Location: 20 km (12 mi) East of Linz Map
Established: August 8, 1938
Liberated: May 5, 1945 by the US Army
Perished: 119,000 people
9am-5pm daily (last admission 15 minutes before closing)
Closed: Dec 24-26, Dec 31, Jan 1
Cost: €2 adults, €1 children
Franz Ziereis (1905- 45)
Commandant of Mauthausen Concentration Camp
Mauthausen Concentration Camp is a large group of concentration camps near villages Mauthausen and Gusen situated 20 km (12 mi) East of Linz. It was found in August of 1938 as a slave labour camp with a group of 49 satellite Nazi concentration camps in the area. Due to massive Waffen conscription Nazi party was forced to use enemies of the German Reich in quarries, arm factories and towards the end of the war even production of Me 262 fighter jets. Mauthausen Concentration Camp was liberated by the US 11th. Armor Division on May 5 1945. The total death toll for compounds ranges from 122,766 to 320,000.
Mauthausen Concentration Camp was found on August 8, 1938 as a extermination camp for enemies of the Reich. First inmates here consisted mostly of political enemies, socialists, communists, homosexuals, handicapped (mentally and physically) patients as well as gypsies or Roma. After the end of Polish campaign many Polish intellectuals were transferred here. This included scientists, artists, teachers, professors and many others. With a start of an Eastern Campaign the camp increased even further. Thousands of Soviet POW's were sent here. Many didn't stay here too long. Almost immediately they were send to gas chambers.
In September 1944 a women's camp was opened. Thousands of women and children were transferred from Buchenwald, Bergen Belsen and many other locations around Europe to Mauthausen Concentration Camp. As the war drew closer to the end Nazi officials moved 20,000 prisoners here. Most of them were exterminated within several days. SS guards tried to exterminate documents of the victims before their escape on May, 1945. Due to their actions today only 40,000 victims are identified. The next day American 11th Armor Division freed those few who were lucky to survive the war. Nazi commandant Franz Ziereis who headed the Mauthausen camp tried to hide from the Allies troops in the mountains. American troops were send to capture him, but instead they shot him when he tried to escape. Well, at least this was the official story. His body was hanged at the entrance of the Mauthausen Concentration Camp by its former prisoners.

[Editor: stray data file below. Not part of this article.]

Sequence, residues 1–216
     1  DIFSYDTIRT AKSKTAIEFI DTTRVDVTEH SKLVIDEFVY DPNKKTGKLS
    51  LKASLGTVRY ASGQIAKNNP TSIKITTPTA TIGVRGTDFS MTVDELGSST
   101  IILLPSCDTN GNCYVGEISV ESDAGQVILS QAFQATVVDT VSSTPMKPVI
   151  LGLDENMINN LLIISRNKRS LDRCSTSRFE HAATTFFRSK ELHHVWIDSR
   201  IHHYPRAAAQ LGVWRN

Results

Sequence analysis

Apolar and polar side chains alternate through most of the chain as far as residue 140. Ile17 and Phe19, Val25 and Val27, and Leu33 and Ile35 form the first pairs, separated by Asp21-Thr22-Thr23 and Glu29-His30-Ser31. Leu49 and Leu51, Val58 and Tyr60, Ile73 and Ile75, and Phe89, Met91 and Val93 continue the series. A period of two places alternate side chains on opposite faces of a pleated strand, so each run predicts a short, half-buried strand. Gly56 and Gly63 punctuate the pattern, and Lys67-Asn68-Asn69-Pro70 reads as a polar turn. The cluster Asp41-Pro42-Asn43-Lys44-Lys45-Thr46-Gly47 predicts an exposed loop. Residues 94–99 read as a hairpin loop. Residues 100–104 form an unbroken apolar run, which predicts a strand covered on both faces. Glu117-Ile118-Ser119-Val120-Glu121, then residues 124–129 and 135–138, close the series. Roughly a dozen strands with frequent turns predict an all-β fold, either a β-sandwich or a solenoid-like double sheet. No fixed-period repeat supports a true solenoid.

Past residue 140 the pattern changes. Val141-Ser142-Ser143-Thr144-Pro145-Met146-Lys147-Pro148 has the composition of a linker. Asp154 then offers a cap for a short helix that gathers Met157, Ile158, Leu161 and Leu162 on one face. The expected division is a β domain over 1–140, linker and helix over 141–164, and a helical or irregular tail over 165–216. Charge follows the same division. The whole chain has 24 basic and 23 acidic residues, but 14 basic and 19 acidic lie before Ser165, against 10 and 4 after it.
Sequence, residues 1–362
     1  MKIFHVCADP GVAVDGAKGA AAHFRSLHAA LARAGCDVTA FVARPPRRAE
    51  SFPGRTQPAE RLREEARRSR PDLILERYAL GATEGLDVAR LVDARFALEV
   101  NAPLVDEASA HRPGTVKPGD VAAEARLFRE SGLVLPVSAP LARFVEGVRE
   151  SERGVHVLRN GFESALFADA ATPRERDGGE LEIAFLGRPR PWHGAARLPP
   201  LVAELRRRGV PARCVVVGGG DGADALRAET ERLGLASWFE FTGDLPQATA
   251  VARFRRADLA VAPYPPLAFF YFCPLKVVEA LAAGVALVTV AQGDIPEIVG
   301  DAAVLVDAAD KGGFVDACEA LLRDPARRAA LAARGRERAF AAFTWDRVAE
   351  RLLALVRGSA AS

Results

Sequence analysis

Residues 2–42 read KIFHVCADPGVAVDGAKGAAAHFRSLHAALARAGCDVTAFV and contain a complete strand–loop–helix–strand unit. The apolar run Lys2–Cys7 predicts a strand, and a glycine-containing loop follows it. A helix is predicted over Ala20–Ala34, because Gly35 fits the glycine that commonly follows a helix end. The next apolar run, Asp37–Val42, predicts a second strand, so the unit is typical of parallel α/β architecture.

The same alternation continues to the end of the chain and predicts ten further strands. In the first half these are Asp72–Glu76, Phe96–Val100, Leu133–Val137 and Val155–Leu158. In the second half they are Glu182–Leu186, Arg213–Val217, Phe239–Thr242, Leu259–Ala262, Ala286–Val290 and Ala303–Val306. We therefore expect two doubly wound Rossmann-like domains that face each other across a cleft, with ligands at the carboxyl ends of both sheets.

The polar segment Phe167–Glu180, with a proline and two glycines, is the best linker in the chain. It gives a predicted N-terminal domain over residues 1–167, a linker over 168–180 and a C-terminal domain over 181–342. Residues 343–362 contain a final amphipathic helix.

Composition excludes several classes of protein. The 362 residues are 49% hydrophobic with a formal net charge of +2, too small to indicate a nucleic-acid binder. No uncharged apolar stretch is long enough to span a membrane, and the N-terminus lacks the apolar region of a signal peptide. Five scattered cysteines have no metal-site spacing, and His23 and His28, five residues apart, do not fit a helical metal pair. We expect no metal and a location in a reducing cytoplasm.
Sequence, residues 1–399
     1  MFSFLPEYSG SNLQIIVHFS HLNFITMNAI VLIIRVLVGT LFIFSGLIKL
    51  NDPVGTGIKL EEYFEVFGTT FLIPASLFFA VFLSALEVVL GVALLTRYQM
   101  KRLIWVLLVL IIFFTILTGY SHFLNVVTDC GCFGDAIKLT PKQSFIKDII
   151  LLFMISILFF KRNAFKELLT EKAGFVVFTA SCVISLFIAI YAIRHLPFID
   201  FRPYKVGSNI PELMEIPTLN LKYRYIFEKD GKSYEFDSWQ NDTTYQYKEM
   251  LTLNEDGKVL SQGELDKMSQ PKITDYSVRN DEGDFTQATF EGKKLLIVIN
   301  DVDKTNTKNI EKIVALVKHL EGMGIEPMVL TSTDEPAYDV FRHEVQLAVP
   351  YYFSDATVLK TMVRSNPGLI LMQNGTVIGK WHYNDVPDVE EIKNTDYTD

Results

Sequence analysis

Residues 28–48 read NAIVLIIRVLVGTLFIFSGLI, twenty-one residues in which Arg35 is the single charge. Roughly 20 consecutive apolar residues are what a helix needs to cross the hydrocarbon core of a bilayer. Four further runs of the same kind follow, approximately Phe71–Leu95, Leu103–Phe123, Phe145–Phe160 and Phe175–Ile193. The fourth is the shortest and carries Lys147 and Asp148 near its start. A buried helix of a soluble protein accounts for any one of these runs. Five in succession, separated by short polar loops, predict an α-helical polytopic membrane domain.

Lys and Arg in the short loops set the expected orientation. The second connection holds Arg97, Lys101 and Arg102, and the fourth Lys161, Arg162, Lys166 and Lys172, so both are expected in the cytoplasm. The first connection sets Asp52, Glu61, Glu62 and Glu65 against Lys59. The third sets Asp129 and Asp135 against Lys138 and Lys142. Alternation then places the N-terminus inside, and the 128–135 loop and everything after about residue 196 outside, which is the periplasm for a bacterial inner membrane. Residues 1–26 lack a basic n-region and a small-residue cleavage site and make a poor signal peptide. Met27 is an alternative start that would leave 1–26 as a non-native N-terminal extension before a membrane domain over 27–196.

Dmitry Karbyshev was a Lieutenant General of Engineer Corps in the Soviet Army. During World War II he was sent to the front line to stop advancing German troops. In August 1941 Karbyshev participated in the fighting at the Dnieper River in Mogilev Region. Here was hit by an artillery barrage and suffered post- concussion syndrome. He was captured by the Nazi German forces while unconscious. He was held in several concentration camps including Hammelburg, Flossenburg, Majdanek, Auschwitz, Sachsenhausen and finally Mauthausen.
Nazi officials attempted to elicit his cooperation with tortures and continuous intimidation, but failed to achieve any collaboration. Despite his advanced age he became one of the most active leaders of the camp resistance movement in the Mauthausen Concentration Camp. Unfortunately underground movement was discovered. On February 17, 1945 Karbyshev along with other 500 Soviet soldiers were kicked out on the street from their barracks. Here they were doused with cold water and left over night. The next morning they were found frozen. Karbyshev was awarded the title of the Hero of the Soviet Union on August 16, 1946. This incident became one of the most famous examples of violence in this concentration camp. Today his memory is commemorated in Mauthausen with a statue on the open courtyard.